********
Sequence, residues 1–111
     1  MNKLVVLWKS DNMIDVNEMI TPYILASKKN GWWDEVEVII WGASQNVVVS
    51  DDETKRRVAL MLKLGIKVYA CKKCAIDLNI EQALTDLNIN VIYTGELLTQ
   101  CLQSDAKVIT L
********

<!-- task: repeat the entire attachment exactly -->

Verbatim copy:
Sequence, residues 1–111
     1  MNKLVVLWKS DNMIDVNEMI TPYILASKKN GWWDEVEVII WGASQNVVVS
    51  DDETKRRVAL MLKLGIKVYA CKKCAIDLNI EQALTDLNIN VIYTGELLTQ
   101  CLQSDAKVIT L